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BoG mulling the closure of retention accounts to address “hoarding” of Foreign Currency

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Central Bank Governor Dr. Gobind Ganga will be meeting with banking representatives next week to sort out several issues concerning Foreign Exchange. This is expected to also become a regular feature.

Finance Minister, Winston Jordan, said the meeting will focus on issues “such as how the Central Bank will continue to support them to get over this hump, which we all agree is usually a dry period for the supply of foreign currency. Even in good times, January and February are always tough months. They are going to meet and determine on their side what they are going to do and on the Central Bank side, how they would support them.”

The minister briefed the media on Friday, March 24, 2017, following a meeting with the banking association’s representatives at the Ministry.

Several concerns have been raised in recent weeks concerning a shortage in foreign Currency. However, the issue has received increased attention following a statement from the Manufacturers Association on Wednesday, March 22, 2017. The Manufacturers have pegged the selling rate for US at $230 for US$1. The Central Bank clarified that this only obtains for debit and credit card transactions.

According to Jordan, the recent currency fluctuations are being driven by several known gold producers and exporters and additional players. He added that other players or ‘demanders’ of foreign currency are now in the market and there appears to be hoarding taking place.

The Bank of Guyana on Thursday (March 23, 2017) noted that there has been hoarding of foreign exchange by exporters, as evidenced by the large foreign currency balances that are being held in their exporters’ retention accounts.

Jordan said, “Some of the dealers in gold are not necessarily declaring all that they could, and some of them do have foreign retention accounts. Those are some of the reasons that they put forward.”

It was also raised by the banking representatives that there is some mismatch between supply and demand, Minister Jordan added, at the level of individual banks.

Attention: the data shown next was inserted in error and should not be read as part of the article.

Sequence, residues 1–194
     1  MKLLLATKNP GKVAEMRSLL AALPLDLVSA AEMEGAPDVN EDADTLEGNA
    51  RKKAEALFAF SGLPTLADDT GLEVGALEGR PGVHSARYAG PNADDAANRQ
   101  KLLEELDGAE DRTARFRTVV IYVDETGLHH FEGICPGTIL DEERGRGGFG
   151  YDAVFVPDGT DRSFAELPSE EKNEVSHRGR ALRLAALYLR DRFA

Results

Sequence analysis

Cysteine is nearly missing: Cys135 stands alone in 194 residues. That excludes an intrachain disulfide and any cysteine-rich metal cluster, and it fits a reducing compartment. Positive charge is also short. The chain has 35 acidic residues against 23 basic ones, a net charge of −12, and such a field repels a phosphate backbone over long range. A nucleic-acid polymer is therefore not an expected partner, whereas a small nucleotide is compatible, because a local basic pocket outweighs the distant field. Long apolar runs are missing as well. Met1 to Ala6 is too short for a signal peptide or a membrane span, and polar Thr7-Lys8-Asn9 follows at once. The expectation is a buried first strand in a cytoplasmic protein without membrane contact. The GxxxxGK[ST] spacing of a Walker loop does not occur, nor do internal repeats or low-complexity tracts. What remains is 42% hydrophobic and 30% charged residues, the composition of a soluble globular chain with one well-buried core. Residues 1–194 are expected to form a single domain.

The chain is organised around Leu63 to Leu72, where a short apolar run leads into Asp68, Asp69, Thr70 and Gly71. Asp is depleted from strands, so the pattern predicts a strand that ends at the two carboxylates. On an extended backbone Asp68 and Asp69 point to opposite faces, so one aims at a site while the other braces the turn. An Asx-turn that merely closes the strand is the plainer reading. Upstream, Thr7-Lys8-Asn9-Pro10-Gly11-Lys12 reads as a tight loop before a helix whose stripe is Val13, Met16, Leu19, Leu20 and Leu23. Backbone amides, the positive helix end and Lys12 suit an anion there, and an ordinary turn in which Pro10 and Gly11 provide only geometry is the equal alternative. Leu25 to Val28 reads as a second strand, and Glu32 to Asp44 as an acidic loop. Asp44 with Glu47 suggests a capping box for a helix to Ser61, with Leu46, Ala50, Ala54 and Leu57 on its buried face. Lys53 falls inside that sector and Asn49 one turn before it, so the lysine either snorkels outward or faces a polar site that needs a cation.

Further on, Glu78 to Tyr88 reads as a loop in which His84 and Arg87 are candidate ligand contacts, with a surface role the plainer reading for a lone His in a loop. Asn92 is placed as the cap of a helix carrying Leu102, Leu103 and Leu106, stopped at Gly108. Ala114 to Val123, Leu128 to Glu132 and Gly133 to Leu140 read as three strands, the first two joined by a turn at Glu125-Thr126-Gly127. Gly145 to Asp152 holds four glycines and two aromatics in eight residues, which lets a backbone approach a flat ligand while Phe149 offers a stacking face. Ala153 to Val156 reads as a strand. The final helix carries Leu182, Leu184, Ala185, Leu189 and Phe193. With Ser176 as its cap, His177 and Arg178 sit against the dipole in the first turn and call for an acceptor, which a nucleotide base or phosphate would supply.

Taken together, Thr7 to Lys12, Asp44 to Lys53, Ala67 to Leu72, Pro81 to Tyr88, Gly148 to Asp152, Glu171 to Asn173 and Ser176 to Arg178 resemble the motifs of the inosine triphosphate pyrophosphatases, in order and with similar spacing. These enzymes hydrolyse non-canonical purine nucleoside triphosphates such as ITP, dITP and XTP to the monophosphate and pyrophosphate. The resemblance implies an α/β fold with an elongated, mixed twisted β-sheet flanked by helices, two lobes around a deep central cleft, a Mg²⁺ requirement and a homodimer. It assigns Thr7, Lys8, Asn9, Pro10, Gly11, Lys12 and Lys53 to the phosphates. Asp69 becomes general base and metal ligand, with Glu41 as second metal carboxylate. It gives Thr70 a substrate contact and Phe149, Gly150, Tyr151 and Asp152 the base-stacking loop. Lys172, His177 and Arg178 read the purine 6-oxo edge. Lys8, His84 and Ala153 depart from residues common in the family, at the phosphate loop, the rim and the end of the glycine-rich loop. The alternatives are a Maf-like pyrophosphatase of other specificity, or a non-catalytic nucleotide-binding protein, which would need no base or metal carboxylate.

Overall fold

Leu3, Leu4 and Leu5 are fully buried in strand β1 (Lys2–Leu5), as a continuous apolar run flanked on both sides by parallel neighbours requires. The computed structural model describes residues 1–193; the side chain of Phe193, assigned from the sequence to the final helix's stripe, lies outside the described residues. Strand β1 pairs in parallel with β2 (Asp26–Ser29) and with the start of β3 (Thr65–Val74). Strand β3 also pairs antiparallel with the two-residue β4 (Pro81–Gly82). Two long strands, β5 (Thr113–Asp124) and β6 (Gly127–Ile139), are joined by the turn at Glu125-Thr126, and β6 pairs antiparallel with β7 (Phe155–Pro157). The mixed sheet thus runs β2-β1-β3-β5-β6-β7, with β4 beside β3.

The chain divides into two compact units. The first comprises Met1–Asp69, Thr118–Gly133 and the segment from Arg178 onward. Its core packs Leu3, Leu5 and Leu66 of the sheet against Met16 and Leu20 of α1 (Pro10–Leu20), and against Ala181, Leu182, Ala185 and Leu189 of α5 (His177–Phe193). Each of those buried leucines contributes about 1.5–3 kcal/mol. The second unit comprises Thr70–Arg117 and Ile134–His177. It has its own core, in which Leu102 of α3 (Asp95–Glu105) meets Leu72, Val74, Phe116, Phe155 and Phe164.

“Maybe when you put it together what they are suggesting is, they know what is happening in their bank, but they don’t know what is happening in other banks but they don’t know what is happening at the total macro level.”

The Finance Minister said banks would be expected to “weed out” what he described as an illegitimate need for foreign currency.

A solution put forward by Minister Jordan to ease the current currency fluctuations is that Central Bank would first seek to persuade those account holders to use their funds, “instead of purchasing from the market to avoid a run on the rate.”

If that fails, he noted the Central Bank’s Board would have to consider ordering the closure of those accounts, “We don’t want to use a heavy hammer to kill an ant really, but what I’m saying it is a tool that is available to you. In other words, what the government has done so far is urge moral suasion but I mean there’s a limit to moral suasion at a time when the rate will deteriorate then you have to do more than just moral suasion.”

The banks had in the past tried to manage the rate at GYD$210 to US$1.00, Jordan said. It was explained that in December there were some actions, individually that would have allowed for this continuous bidding hence the tacit agreement that the rate would be set around $210 to US$1.

Lending support to the Minister was Dr. Ganga who noted that while Guyana lost US$30M to US$40M in foreign exchange earnings in 2015 from rice, sugar, bauxite and forestry, the Central Bank injected approximately US$30M on the market to satisfy foreign exchange demand, during that period.

Asked about the amount of US dollars Central Bank has injected into the local market for the year and the amount thought to be “hoarded” by some exporters, Dr. Ganga replied, “We know what the figure is, but I can’t tell you what the figure is.”

The Finance Minister is in the meanwhile, appealing to the media to stop fuelling speculation in the foreign exchange market as this could result in a further devaluation of the Guyana dollar which would, in turn, fuel inflation and leads to increasing interest rates.

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